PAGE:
simplicity. "If ever I should live here, I would call this the
refreshing-room; for I can imagine nothing more soothing to eyes
weary of a summer sun than these vine-covered windows, and the cool
greens of that meadow and the pine-forest beyond."

Kitty smiled a little vaguely, half inclined to insist upon the
kitchen-side of the question; when Karl asked, in a disappointed
tone,--

"Where is Dora? Isn't she coming?"

"Not yet. Molly waked up, and Dora is giving her some supper. She
said she would come as soon as she had done. You didn't know, Mr.
Burroughs, that Dora has an adopted child, did you?"

"No, indeed. She is young to undertake such responsibility," said
Mr. Burroughs a little curiously.

"This is a little foreigner too, that Dora picked up in the road. No
one knows who she may be, or what dreadful people may come after her
any day. Dora is so queer!"

"Will you have a biscuit, Kitty? Mr. Burroughs, let me give you some
of this peach? We shall be sorry to leave our peach-orchard behind
in going to the West. I suppose, however, one can soon be started
there."

And Karl, determined not to allow Kitty the chance of making any of
her spiteful little speeches about Dora in presence of the visitor,
kept the conversation upon purely impersonal topics, until they rose
from table, and the two gentlemen strolled out upon the porch at the
western door; while Kitty ran up to call Dora, whom she found
sitting beside the bed, with Sunshine's head lying upon her arm.

"Isn't she asleep?" whispered Kitty.

The child half opened her eyes, and murmured drowsily,--

"I want to ride on the elephant. It's my little wife."

"What did she say, Dora?"

"Hush! She is out of her head, I think. She has been saying I was
her little wife," whispered Dora.

"Well, that's English, anyway," replied Kitty, staring at the child.
"What do you suppose she is?"

"I don't know. There, pet, there! Hus-h!" As she spoke, Dora
carefully withdrew her arm from under the little head, where, in the
August night, the hair clung in moist golden spirals, and a soft dew
stood upon the white forehead.

"I'll stay and fan her for a while longer, she looks so warm,"
whispered Dora.

"No, no! come down and eat your supper, and help clear away. Charley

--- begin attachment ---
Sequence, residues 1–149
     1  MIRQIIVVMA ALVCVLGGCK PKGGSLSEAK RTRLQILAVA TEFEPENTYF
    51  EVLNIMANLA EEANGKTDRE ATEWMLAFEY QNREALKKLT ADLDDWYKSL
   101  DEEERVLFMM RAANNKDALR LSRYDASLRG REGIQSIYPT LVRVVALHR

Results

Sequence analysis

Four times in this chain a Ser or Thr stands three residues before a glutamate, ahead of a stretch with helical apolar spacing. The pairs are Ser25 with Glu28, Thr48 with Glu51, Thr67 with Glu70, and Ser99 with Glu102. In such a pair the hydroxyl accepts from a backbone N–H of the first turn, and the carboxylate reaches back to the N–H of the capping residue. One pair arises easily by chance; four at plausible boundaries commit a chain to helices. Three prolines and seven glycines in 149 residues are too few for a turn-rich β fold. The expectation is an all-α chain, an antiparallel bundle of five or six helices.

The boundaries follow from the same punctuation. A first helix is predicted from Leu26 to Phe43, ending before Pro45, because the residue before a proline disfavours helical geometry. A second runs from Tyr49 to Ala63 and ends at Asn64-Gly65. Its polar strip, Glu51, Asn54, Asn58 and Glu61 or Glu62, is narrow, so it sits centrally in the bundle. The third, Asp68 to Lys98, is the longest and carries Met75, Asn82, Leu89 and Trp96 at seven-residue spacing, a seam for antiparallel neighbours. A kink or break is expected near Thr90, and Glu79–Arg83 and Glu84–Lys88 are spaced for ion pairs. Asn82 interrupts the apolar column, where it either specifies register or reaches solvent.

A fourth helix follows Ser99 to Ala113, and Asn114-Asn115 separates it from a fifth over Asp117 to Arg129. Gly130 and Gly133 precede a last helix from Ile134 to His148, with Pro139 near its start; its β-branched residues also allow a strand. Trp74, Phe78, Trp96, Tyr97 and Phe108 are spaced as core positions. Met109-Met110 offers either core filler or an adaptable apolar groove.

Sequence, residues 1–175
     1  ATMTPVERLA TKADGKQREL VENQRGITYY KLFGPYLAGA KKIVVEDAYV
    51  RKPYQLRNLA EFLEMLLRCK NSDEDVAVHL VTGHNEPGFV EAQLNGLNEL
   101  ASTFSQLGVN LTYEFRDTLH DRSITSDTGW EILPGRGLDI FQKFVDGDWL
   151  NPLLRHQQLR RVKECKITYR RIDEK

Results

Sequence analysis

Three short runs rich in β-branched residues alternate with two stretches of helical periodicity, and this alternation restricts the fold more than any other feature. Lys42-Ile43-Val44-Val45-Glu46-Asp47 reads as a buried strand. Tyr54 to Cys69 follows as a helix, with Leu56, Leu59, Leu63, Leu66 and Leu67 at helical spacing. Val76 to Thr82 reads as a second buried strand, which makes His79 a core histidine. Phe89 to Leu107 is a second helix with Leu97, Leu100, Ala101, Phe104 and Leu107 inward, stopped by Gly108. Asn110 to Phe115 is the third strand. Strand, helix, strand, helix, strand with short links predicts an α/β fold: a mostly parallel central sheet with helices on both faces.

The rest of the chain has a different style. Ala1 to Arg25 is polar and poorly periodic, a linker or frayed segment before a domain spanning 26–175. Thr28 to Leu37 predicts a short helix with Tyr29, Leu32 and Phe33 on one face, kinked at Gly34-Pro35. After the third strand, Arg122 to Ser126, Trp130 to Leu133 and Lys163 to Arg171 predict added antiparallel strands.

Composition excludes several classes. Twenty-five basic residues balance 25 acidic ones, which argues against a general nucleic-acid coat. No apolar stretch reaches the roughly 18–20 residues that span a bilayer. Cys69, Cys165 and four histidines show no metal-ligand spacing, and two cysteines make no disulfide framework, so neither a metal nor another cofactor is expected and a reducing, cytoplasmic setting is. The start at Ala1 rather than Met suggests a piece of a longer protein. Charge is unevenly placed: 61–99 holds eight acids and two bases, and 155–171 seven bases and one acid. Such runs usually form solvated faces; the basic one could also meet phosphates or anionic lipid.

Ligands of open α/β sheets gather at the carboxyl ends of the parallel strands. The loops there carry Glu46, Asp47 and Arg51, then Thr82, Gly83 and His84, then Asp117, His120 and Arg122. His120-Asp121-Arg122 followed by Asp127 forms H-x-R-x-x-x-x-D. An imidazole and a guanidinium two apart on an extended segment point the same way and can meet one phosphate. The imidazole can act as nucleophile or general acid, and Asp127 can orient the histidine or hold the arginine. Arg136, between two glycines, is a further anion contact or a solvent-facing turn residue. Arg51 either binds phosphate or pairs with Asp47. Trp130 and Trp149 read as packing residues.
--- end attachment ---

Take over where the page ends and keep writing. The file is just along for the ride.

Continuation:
asked Mr. Burroughs to stay all night, and I guess he will. Isn't he
real splendid? Come down, and talk about him."

Sunshine slept soundly; and Dora, half reluctantly, suffered herself
to be led away by her cousin, closing the door softly behind her,
and leaving the little child to dreams of a home so far away, and
yet so near; of a vanished past, that, even in this moment,
stretched a detaining hand from out the darkness, groping for her
own; of human love immortal as heaven, and yet, for the moment, less
trustworthy than the instinct of the brutes: for if Mr. Thomas
Burroughs, instead of being a highly cultivated and intellectual
man, had been a dog of only average intelligence, 'Toinette Legrange
would already have been discovered and, before another sunset, the
slow agony devouring her mother's heart would have been relieved.

But to each of us our gifts; and Mr. Burroughs, never suspecting how
deficient were his own, strolled with his host beneath the trees,
until the appearance of the young ladies upon the porch; when he
joined them, and resumed his conversation with Dora. From army
matters, the talk soon wandered to the new prospects of Col. Blank's
heiress; and Mr. Burroughs found himself first amused, then animated
and interested, quite beyond his wont, in the young girl's plans and
expectations.

It was late when the party separated; and as the guest closed the
door of the rosy-room, and cast an admiring glance over its neat
appointments, he muttered to himself,--

"What a bright, fresh little room! and what a brighter, fresher
little girl!-as different from thy city friends, Tom Burroughs, as
the cream she pours is from the chalky composition of the hotels.
Thou dost half persuade me to turn Hoosier, and help thee convert
the wilderness to a blooming garden, O darlingest of Darlings!"

And as the young man, with a half-smile upon his lips, set sail for
the vague and beautiful shores of Dreamland, a bright, sweet face
lighted by two earnest eyes, seemed to herald him the way, and join
itself to all his fairest fancies.